"In my professional life I've had the opportunity to work for KTM in Austria and they're flexible enough to allow me to do different things on different brands. I get to do a bit of racing on the continent where the weather is usually a bit more favourable.
"I've lapped the Mountain Course at almost 129mph and my goal is to join the 130mph club. That's 12 seconds away from where I am now but it's possible if I put all my best sector times together.
"The circuit suits my style of riding but you never get a perfect lap around the Isle of Man - if it all comes together that would be good."
Anderson's girlfriend Sarah Boyes is also a road racer and will race on the Mountain Course at the Manx Grand Prix in August.
"We met and knew each other through racing and things blossomed from there," said the Northern Irishman, who also takes in the Tandragee 100 and Ulster Grand Prix every year.
"Both of us enjoy the sport, we know the ups and downs of it, the positive aspects and the difficulties.
"She understands the demands of a long event like this held over two and a half weeks so I think I get cut a little bit more slack than the girlfriends of some other riders at home who don't maybe have the racer mindset. Hopefully I cut her a bit of slack too."
'Living the dream'
Anderson's sponsor Noel Williamson hails from Portglenone, County Antrim, but is now based in Dublin, running a construction and property business which helps him run his own racing team.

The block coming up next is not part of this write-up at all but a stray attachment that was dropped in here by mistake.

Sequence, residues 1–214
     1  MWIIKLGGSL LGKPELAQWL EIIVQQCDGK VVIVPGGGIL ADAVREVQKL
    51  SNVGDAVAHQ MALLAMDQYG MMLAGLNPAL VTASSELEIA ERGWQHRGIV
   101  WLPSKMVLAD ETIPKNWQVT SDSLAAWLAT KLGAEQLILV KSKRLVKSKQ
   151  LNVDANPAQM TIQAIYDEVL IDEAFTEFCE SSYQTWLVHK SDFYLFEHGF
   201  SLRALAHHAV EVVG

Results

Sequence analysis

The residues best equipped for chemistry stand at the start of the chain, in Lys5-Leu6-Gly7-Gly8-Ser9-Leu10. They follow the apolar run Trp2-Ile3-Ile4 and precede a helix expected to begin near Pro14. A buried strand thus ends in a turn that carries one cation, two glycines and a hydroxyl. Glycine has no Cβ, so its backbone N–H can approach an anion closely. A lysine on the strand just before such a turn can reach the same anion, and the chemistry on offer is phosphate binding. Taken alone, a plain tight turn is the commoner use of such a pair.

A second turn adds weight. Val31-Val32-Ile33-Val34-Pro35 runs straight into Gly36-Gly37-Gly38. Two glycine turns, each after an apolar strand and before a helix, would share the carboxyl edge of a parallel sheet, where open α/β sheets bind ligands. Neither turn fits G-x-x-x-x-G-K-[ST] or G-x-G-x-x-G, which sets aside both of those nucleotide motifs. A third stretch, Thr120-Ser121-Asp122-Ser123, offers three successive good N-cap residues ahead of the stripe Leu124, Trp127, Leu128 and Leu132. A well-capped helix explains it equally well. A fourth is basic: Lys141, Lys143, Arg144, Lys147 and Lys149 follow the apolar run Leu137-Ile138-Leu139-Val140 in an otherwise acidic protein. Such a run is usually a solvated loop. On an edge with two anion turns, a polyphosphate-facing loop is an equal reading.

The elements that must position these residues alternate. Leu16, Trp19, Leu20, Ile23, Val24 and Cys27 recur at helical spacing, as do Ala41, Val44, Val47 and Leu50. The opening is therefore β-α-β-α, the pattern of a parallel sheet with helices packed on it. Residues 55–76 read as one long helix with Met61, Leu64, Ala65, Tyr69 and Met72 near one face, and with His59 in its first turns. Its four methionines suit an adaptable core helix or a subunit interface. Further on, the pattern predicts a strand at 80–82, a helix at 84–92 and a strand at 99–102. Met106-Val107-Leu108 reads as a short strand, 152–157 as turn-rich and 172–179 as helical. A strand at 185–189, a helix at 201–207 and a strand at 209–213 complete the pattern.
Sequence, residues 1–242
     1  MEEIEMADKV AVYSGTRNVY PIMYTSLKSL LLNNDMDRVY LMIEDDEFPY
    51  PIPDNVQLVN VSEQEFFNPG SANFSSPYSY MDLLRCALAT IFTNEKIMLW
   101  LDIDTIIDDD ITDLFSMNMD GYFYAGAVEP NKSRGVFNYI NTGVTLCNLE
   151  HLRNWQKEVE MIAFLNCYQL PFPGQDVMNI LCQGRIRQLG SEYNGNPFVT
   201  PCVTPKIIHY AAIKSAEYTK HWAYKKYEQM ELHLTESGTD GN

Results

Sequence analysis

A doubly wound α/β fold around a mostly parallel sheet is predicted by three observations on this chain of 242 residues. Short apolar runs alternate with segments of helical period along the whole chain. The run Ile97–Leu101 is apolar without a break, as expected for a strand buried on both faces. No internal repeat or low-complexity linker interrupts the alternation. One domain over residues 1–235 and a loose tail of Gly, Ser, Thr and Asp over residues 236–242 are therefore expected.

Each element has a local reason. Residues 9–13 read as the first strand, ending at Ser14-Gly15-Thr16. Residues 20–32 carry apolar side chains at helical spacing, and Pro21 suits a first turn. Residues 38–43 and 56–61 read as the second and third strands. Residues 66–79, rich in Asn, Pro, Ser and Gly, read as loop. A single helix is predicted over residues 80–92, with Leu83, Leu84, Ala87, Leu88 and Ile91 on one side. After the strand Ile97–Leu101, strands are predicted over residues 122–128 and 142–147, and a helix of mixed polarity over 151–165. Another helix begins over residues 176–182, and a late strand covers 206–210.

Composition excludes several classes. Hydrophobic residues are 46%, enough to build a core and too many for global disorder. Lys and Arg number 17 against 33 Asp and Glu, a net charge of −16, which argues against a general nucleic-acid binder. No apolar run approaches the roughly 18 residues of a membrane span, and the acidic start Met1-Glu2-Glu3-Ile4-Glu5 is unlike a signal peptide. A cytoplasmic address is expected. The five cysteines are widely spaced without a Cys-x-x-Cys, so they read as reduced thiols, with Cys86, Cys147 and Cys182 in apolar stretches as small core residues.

"I don't count up all the cost anymore - I stopped counting a long time ago. My motto is we spend what we can afford and when the money runs out it stops," Williamson told me as he took refuge from the elements in his team truck.
"We are all here because we love the sport and I do it because I enjoy it.
"I've been involved in motorbikes all my life - my father brought me here in 1975 and I've been a lot of times since.
"I never dreamt I'd have a garage in parc ferme or a truck sitting here with a top rider and a lot of bikes. Even when I'm sitting here with water running down the road I'm still thinking 'we're sitting here living the dream'. It's an amazing place to race motorcycles, the buzz you get from it.
"The bills are paid and the kids are fed. Anything that's left we spend on motorcycles."
A short distance across 'the pits', as it is also known, another County Antrim native, Darren Gilpin, is heading up the team of technicians meticulously preparing bikes for Honda Europe.
"As crew chief for David Johnson I'm responsible for the preparation of the bikes and the decisions that are made on the ground at the track regarding the set-up of the bikes," he explains.
"I am involved in interpreting the feedback from the rider, trying to give him the best possible package to do the job.
"I raced here for a few years myself and that helps. You can immediately start to pick some stuff up and it helps work a few things out at a course like this.
"When a rider talks about certain corners you know exactly where he is on the circuit - whereas of you haven't raced a circuit like this it could be quite difficult to know what he is talking about.
"The bikes are quite complex now with a lot of electronics on them but we run a data logger on the bike, which basically tells you everything which the motorcycle does - from the fuel, the throttle, the slipper clutch and suspension logger.
"It gives you a lot of information, plus you take on board what the rider has asked for himself.
"David's 600 has been supplied by Wilson Craig Racing from Londonderry. It's now a 'factory bike' but I built that myself in my garage at home in Burnside in September."